The recent Mummy films starring the aforementioned Brendan Fraser can therefore be considered as much as warning against American imperialism as anything else. "Be careful mucking about in the Middle East," they seem to say. "For you never know what you might awaken." Today, that warning having gone unheeded, we can hardly claim to say there's any mystery about it. We know full well what terror we could unleash in the Middle East - we've unleashed it, and it dogs us to this day.
Yet none of this explains the peculiar nature of today's vampire cults. As popular as vampires remain among entertainment junkies of all ages, it's the teens and tweens who are currently being seduced by the creatures of the night, and in numbers that would terrify even Van Helsing. As oblivious as most young adults tend to be to matters of social and financial terror, this can't be vampire as representation of greed. So what is it? Is it, once again, a rampant fear of AIDS and other communicable diseases? I don't think so.
Although AIDS has yet to be completely cured, modern medicine has at least devised a stranglehold for the disease. The survival rate for AIDS patients is climbing, and the rate of HIV infections developing into full-blown AIDS is dwindling. Young people in the Western world have therefore rejoiced accordingly, stimulating a resurgence of "free love" culture. Sexual activity among teens (and tweens), while currently down from an all-time high in the late 1990s, is still at a rate unheard of since the Sunset of the Age of Aquarius. According to the Guttmacher Institute, 70% of teenagers have had sex before they're no longer teenagers, and, perhaps even more shockingly, use of contraceptives is decreasing in-line with the increase in sexual activity. According to the CDC, roughly half of high school age teenagers have had sex, with about 14% of those kids reporting having already had four "or more" sexual partners. Naturally, parents and community leaders are "shocked."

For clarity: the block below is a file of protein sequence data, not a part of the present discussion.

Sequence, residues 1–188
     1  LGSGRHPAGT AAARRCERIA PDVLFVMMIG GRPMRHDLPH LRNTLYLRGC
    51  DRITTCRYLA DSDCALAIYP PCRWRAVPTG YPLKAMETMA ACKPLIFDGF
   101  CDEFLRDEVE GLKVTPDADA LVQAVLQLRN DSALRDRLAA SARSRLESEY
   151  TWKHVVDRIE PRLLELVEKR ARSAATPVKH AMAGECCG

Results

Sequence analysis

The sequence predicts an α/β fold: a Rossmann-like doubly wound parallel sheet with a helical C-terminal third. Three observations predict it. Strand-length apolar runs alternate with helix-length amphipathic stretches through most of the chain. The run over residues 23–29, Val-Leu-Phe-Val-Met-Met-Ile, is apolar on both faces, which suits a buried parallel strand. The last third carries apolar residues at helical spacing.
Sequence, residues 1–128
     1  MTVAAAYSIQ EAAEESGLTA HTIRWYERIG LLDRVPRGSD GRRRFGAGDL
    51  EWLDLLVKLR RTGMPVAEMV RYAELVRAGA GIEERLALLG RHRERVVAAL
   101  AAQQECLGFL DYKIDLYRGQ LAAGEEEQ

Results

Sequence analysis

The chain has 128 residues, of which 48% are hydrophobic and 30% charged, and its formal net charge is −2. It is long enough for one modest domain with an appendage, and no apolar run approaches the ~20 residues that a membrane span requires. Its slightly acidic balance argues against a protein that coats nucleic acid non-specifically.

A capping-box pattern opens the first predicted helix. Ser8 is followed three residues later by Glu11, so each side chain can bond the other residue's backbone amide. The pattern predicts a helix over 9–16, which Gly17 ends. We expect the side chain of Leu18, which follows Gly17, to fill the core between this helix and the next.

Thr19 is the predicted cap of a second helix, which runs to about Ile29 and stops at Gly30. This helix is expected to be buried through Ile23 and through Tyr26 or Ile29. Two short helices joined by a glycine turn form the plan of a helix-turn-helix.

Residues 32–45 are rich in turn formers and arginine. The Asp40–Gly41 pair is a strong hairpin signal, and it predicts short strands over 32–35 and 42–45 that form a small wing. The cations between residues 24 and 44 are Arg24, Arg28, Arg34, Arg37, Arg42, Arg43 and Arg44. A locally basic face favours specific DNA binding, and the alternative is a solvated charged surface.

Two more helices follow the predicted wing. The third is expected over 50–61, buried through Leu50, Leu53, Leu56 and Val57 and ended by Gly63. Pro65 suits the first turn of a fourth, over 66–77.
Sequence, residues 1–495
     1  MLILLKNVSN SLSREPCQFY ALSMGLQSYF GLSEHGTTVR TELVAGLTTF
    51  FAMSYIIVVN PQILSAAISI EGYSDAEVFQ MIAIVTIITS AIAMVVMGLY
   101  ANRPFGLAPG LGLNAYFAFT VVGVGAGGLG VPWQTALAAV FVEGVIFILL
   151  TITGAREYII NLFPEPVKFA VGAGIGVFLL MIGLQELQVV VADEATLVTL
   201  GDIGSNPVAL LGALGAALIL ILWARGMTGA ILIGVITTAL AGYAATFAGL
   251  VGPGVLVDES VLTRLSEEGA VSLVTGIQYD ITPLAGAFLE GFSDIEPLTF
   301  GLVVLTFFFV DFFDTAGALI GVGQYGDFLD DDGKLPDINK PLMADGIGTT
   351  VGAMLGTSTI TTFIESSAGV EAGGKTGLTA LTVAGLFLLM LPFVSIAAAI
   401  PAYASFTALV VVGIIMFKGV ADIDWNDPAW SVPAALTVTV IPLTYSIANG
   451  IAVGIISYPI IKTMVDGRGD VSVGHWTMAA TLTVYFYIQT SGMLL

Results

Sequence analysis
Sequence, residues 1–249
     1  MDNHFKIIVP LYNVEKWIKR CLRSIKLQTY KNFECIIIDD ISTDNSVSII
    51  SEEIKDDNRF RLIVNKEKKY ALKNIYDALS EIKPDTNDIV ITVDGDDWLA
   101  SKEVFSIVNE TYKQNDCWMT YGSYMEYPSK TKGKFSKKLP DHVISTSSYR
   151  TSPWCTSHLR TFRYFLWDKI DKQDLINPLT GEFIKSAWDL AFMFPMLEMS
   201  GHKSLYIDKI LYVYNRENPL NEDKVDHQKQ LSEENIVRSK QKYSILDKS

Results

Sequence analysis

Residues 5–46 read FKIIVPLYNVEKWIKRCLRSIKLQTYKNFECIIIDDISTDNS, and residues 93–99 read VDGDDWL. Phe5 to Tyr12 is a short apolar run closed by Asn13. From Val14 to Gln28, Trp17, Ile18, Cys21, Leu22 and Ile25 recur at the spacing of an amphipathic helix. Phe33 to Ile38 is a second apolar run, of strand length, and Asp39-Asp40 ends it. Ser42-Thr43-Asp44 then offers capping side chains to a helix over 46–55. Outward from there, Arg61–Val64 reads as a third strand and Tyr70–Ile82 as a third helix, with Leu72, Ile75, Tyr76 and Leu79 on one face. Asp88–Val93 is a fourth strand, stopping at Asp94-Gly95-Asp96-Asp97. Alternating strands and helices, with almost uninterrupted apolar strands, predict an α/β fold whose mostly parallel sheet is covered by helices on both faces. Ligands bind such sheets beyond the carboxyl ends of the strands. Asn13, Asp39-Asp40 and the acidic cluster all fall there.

In light of current teen and tween "socialization trends," it's hard not to view the rise of teen vampirism as both a celebration of and a protest against uninhibited sexuality. That becoming a vampire equals losing one's innocence of youth (i.e. virginity) and that as intoxicating as the idea may seem at first blush, it is a decision that must be weighed carefully. Once pricked, in other words, you will never be the same.
It's fitting, then, perhaps that so near to Valentine's Day, I am given cause to write about the most sexualized of all the monsters, the vampire, for this week's issue of The Escapist, "Bloodsucking Freaks."
In the issue, Echo Bazaar writer Chris Gardiner examines the cliché of the serial killer; Adam Gauntlett delves into the causes for vampires' cultural longevity; Fintan Monaghan covers the rise of vampirism in Japan and Richard Dansky, the writer central to the "Tom Clancy" videogames, gives us the contrarian opinion: why zombies are better. Enjoy!